Object-based storage offers an alternative approach that is ideally suited for storing massive amounts of unstructured data.  Object-based storage systems are not organized hierarchically.  Instead, an object is identified and located by its unique identifier.  This enables the number of objects to grow substantially beyond the limitation of traditional file systems while still maintaining the integrity and consistency of the data.  Organization of the information in an object storage system is generally maintained by the application that is responsible for reading and writing information.  

Valet parking provides an apt analogy for object-based storage.  When you valet park your car, the attendant gives you a claim ticket that allows you to retrieve your car when ready.  While the attendant has your car, he might move it around as needed to optimize space in the lot or garage.   With object-based storage, an object ID identifies a particular piece of data, but not its specific location in the system. Data can be moved around the system as needed, and the object ID is the “claim ticket” needed to retrieve it, wherever it resides.  In this waqy, object-based systems can use storage capacity more efficiently than file systems.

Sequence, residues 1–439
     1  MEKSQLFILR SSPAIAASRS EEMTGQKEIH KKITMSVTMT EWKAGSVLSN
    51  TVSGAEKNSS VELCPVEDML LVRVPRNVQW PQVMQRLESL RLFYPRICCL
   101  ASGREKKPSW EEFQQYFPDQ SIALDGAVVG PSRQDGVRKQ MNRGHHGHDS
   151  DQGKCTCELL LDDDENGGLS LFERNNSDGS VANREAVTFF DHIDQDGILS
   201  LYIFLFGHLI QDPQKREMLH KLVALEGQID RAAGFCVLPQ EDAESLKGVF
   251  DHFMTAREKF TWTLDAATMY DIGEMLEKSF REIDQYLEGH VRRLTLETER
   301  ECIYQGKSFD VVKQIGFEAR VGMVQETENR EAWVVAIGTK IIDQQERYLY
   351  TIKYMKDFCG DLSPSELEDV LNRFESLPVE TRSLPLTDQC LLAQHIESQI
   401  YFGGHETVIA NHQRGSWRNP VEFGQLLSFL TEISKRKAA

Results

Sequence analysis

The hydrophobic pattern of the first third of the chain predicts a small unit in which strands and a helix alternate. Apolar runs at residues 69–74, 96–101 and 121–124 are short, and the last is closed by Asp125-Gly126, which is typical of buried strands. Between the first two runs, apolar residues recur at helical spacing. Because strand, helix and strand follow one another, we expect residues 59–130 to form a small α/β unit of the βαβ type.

Both the large traditional storage players as well as newer, smaller vendors have introduced object-based storage solutions to the market.

Information Dispersal